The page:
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Not many things went right for Pakistan in the second Test in Dubai, but Asad Shafiq's fighting century against the best Test side in the world, proved that he has the temperament to lead Pakistan's next generation of batsmen
October 27, 2013
When Misbah-ul-Haq made the mistake of thinking he could slog Dean Elgar as far as the Burj Khalifa, a resistance that threatened to ease the margin of Pakistan's loss - because avoiding defeat altogether was not a realistic possibility - seemed set to unravel. The captain left Asad Shafiq to stall South Africa's attack with the tail and even the most optimistic of Pakistan supporters predicted a swift end.
For an hour, Shafiq held defeat at bay. In the process, he notched up his highest Test score, a second century against the world's top-ranked team this year, and showed how much he has progressed as a batsman. Having impressed with the way he handled the seamers and took on the spinner with Misbah at his side, Shafiq also understood that he had to slow down, shoulder the responsibility, and only take runs when he was absolutely certain he was not putting the man on the other end, and by extension his team, in a position from which they would collapse.
When Adnan Akmal, who struggled throughout the series, was his partner, Shafiq faced Morne Morkel, letting Akmal deal with Imran Tahir. With Saeed Ajmal, Shafiq sensed a little more freedom so he allowed a few mid-over singles and even let himself show off, pulling and then driving Vernon Philander for consecutive fours.
He played with maturity towards the end, showing enough faith in Mohammed Irfan and Junaid Khan to give them the strike but not taking too many risks even though the end was nigh. It seemed as though the patience he had afforded when he batted with Younis Khan in Cape Town earlier this year, and with Misbah for much of his innings in Dubai, was paying off.
Shafiq has had the benefit of spending long periods at the crease with Pakistan's senior statesmen and he seems to have learnt from it. From the moment he came in to bat, he would have seen how Misbah was absorbing the pressure. Whether he was foxed by an Tahir googly, rattled by a Morkel bouncer, or was on the receiving end of extreme pace and angry eyes from Dale Steyn, Misbah reacted in the same way.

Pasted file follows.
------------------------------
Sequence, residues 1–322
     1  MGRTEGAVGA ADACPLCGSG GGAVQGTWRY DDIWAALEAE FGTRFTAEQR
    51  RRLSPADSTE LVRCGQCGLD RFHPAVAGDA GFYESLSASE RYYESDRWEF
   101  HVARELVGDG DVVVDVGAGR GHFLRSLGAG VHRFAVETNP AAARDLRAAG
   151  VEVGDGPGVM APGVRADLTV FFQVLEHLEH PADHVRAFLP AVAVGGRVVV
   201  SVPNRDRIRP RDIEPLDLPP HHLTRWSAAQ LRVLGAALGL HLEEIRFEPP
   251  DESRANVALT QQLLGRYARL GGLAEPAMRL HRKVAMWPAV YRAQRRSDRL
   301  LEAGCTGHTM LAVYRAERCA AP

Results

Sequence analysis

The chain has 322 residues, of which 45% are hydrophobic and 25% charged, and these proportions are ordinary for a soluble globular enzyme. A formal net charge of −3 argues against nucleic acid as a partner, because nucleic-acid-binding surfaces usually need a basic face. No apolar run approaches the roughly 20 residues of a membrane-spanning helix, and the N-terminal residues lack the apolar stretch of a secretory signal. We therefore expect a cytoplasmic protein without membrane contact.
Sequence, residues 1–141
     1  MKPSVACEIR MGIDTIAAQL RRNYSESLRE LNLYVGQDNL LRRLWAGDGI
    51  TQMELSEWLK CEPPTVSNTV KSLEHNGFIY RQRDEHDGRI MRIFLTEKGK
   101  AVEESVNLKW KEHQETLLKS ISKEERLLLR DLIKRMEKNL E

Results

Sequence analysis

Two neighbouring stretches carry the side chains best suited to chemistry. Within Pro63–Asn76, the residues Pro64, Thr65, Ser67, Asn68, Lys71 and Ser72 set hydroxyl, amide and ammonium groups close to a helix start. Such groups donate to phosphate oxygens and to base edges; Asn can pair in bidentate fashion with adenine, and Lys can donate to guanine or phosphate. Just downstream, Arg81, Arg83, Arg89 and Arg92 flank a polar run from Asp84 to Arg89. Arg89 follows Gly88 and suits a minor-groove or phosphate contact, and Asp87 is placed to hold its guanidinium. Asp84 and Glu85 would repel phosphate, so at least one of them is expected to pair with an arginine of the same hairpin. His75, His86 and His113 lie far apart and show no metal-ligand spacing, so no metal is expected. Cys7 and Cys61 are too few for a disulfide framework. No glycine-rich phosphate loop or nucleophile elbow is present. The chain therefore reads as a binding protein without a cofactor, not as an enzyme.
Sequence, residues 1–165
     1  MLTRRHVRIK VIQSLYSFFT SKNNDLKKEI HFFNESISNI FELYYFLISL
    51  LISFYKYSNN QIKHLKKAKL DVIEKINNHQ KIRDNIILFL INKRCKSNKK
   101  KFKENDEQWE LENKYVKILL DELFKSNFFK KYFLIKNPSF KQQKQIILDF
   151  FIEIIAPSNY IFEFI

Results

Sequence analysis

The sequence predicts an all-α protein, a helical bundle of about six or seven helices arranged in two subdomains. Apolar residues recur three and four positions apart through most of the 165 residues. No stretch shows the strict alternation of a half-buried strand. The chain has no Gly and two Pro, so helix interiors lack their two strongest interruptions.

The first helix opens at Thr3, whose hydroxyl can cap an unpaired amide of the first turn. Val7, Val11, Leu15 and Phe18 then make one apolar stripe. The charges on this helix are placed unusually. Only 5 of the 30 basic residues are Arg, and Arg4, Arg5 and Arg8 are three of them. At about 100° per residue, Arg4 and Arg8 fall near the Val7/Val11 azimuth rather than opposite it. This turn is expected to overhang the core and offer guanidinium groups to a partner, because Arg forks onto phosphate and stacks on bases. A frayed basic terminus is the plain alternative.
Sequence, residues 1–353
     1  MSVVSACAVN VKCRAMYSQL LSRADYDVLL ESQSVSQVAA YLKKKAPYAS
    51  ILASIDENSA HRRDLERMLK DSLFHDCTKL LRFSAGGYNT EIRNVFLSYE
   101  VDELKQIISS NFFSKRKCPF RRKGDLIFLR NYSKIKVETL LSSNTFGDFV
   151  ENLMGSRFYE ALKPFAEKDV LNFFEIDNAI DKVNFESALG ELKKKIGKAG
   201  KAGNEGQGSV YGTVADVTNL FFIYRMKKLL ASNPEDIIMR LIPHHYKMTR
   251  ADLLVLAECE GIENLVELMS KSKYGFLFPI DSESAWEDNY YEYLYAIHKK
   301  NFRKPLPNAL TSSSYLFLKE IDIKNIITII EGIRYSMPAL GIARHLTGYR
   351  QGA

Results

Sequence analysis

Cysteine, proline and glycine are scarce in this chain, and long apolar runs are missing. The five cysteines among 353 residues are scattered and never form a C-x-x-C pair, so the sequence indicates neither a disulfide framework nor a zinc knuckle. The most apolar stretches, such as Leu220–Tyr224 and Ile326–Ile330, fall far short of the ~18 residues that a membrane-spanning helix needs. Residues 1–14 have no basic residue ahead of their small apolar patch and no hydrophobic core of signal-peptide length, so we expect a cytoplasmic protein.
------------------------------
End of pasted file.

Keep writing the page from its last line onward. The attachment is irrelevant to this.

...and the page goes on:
Misbah waited for the end of the delivery, strolled in the direction of square leg, composed himself, and came back to face the next one. He treated each ball like a chapter in a book, turning the page, leaving it behind and then carrying on with the next one.
Shafiq did not show the same composure as he neared his century and it appeared he was getting a little overexcited with his desire to charge JP Duminy. However, a calming influence in Misbah at the other end ensured that Shafiq operated within certain confines. He was encouraged to attack the short ball, something he has shown both in South Africa and during this series. He has also, simply by watching watching Misbah, learnt to judge things with caution.
In getting the balance right, Shafiq justified the selectors' decision to stick with him despite a lean run in Zimbabwe, and showed his own ability to read the game and understand a match situation. "That is a really big plus for us," Misbah said. "Everybody knows he is capable of that. He got a really good hundred in South Africa but he was a bit short of confidence coming in to this series. This innings was special because the pitch wasn't easy and the bowling was good. He really played a masterful innings."
With the South African seamers testing the batsmen with control, Shafiq's concentration was tested. So was his intent, because if he had stopped scoring runs, he could have forced himself into a corner where making a mistake was possible.
The way he responded is what impressed Misbah the most. "In situations against the top side in the world, character is important," he said. "You have to stand tall and take on the bowlers. They were using the rough very well but he was good and positive, he used his feet well and read the situation well."
Shafiq has played 23 Tests overs three years but Misbah believes it is only now that "he has started to understand the demands of Test cricket." With that kind of experience needed before a player can get out of the starting blocks, its easy to see why Misbah does not want to dispense with the likes of Khurram Manzoor and Shan Masood, who indicated they could be a solution to the opening conundrum in the first Test, but were dispatched cheaply in the second, and Azhar Ali, who is enduring a lean trot.
Pakistan had a host of problems after the first innings failure but by the end of the match, Shafiq wasn't one of them. "In the coming years you might not have me and Younis Khan around and he is the one who can gather the Pakistan line up. He has the talent and he has the temperament to take the batting forward."
Firdose Moonda is ESPNcricinfo's South Africa correspondentFeeds: Firdose Moonda
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